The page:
google978c4e921fe1bd28.html

Going into real estate, one house at a time : How 32-year-old banker managed to build his first three-bedroom

hseAfter doing his survey for months, Joseph Njau finally settled on housing as his preferred line of building wealth.

“I considered fixed deposits and A Treasury bills. I also considered opening a wines and spirits shop or even poultry farming. But I was hesitant because though they are low risk, the level of returns are low.” Mr Njau walked to Baraka property agent offices in Eldoret, in January, last year.

“I had Sh800,000 to invest. And I was afraid. This was my first step into the highly profitable property market,” says the 32-year-old banker.

You see, after evaluating all the investment options on his table, Mr Njau had resolved to venture into real estate business.

“I had been to home expos at Sarit Centre and KICC in Nairobi, in an attempt to network with property developers. I discovered that real estate is capital intensive but it has huge profit margins. From that point on, I had no doubt in my mind that this was the industry I wanted toinvest in. Moreover, I was fascinated by how building plans on paper could evolve into tangible homes, worth millions,” says Mr Njau.

“I didn’t have enough funds. Although I could not start with gated communities or office skyscrapers, there was space for me to develop a home.” Soon, he approached his employer and secured a multi-million mortgage.

“I got a good loan with a 300month repayment period. Immediately, I decided to buy a land and start my venture.” Thrill of a title deed With a ready title deed for a quarter-acre at Kapsaret, in Eldoret, Mr Njau says: “I was excited that I’d achieved something, but the thrill of owning a title deed lasted a few days.

At the back of my mind, I knew that the hard work had just begun.” The area has homes worth over Sh30 million at the moment.

To construct his first house, Mr Njau scouted for a contractor.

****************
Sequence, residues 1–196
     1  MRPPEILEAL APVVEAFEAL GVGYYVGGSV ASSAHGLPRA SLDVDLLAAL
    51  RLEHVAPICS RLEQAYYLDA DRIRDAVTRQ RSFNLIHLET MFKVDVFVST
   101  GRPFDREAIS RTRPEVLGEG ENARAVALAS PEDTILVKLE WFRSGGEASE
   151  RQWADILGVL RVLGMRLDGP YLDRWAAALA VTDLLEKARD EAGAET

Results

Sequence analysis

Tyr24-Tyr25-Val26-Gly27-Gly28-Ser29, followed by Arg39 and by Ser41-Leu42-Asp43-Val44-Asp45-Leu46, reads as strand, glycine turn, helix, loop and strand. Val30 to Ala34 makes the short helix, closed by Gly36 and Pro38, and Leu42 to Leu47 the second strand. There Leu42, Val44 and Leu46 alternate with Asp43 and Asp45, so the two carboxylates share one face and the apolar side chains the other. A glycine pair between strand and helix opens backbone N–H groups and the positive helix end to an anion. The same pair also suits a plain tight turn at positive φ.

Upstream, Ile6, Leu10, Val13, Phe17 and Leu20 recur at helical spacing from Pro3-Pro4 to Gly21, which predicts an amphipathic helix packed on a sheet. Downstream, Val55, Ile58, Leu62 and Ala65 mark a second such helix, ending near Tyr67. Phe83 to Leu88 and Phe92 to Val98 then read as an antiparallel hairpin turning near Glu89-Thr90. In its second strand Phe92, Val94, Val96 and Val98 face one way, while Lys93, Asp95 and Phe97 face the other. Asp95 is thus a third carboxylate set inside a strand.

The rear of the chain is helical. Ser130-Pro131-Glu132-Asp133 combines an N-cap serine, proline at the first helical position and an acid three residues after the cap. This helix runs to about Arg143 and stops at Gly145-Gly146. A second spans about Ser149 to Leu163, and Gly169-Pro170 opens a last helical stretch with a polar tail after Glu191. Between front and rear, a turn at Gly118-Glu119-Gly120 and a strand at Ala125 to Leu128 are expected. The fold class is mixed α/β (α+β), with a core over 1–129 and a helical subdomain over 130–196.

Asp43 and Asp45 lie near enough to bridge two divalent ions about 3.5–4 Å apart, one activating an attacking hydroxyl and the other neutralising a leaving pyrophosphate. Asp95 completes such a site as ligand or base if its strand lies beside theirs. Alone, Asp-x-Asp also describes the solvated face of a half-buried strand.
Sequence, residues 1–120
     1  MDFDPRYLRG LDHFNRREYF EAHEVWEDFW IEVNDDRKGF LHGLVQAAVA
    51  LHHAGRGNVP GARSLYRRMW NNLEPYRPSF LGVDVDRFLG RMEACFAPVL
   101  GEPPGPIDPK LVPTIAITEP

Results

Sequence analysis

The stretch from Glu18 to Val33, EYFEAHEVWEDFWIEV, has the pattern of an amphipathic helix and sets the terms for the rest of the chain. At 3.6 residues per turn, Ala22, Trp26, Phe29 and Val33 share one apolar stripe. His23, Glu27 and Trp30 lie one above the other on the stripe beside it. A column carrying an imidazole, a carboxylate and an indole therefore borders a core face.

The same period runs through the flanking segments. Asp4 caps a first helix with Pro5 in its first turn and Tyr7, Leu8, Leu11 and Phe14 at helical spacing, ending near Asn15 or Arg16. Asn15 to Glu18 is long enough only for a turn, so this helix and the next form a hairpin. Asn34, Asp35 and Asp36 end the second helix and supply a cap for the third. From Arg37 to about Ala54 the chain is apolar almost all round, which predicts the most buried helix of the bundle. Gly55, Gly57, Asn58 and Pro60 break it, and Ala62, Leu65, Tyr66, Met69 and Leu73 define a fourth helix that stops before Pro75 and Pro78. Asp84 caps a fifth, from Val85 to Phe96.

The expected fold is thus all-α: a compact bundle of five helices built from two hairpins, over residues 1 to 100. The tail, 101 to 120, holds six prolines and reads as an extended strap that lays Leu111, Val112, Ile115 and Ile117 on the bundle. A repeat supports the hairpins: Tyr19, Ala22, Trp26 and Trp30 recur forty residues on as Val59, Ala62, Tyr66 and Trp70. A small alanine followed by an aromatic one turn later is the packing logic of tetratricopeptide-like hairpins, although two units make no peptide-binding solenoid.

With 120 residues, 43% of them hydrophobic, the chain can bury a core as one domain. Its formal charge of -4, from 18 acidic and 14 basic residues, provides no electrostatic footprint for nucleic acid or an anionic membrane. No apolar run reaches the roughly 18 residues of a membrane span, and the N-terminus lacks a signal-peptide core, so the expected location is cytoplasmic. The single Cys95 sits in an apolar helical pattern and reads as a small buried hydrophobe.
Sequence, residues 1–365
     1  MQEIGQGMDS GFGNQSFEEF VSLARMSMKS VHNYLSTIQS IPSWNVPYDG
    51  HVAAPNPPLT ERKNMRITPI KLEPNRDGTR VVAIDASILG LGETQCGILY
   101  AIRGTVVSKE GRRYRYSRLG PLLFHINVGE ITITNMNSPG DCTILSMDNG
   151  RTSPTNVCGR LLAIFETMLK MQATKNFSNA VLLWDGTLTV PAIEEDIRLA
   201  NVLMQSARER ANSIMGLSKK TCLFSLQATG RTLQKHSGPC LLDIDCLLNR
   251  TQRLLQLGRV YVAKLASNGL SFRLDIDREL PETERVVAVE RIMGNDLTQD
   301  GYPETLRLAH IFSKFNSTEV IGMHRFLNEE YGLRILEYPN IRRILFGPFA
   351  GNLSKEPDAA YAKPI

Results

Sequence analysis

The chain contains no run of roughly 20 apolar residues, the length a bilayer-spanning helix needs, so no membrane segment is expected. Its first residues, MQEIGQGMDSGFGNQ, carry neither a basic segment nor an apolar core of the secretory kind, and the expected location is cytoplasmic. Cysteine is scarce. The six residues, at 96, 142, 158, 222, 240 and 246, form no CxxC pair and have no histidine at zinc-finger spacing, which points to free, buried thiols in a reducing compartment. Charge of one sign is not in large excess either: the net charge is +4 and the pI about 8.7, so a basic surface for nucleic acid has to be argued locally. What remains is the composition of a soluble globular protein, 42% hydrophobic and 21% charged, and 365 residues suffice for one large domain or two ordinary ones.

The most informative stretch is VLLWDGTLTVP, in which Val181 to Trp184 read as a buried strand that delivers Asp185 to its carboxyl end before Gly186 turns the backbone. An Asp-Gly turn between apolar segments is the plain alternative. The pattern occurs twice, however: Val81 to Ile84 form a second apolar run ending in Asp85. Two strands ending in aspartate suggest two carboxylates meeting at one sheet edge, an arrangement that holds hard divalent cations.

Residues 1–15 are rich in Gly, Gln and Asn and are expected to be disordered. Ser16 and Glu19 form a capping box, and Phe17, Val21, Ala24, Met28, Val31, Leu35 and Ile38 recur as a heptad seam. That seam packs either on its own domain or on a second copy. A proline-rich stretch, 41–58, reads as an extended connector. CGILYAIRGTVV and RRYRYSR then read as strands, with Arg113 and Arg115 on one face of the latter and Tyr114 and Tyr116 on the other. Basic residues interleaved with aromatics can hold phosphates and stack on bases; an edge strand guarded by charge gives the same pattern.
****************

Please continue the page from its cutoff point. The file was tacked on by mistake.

“I hired an advocate to oversee the land sale agreement and the signing of the construction contract. The contractor came in for 25 per cent commission on building costs. Then I began to source and supply building materials.” Interestingly, even before he could start building, his land had gained in value considerably. For instance, by June last year, it was worth over Sh1 million, he told Money. In September 2014, he started constructing his first three-bedroom bungalow.

“Soon after, I discovered that I needed an extra Sh1 million to finance cost over runs. Similarly, fencing and the set up of a water tank would require even more money, which I didn’t have,” he says.

And since he could hardly turn to his bank for a top up, Mr Njau counted on his mother and friends for financial boost.

“Luckily today, I have offset their loans.” In a period of three months, Mr Njau has managed to construct his first three-bedroom house. Asked how he plans to expand his housing business dream yet he is servicing a home loan: “I don’t see the mortgage as a yoke that is weighing me down rather as seed capital that I can offset from my salary while earning Mr Joseph Njau extra income from house sales.” Diversify And with his first house up for sale at the moment, Mr Njau is looking to spread his tentacles into the thriving homes business across Kenya.

“I am looking at buying sizeable pieces of land that I will sell together with the house I build. My investment will lean towards modern country homes,” he says.

His new house is selling at a negotiable price of Sh6 million. “This valuation is based on growing dayto-day property appreciation in a fast growing location,” he says.

However, his investment dream is not only restricted to the real estate sector only.

“Real estate will remain my core business. But as I grow, I’ll be looking to diversify into stocks trading as well,” he says.

-Nation

 

 

Comments

comments

%d bloggers like this: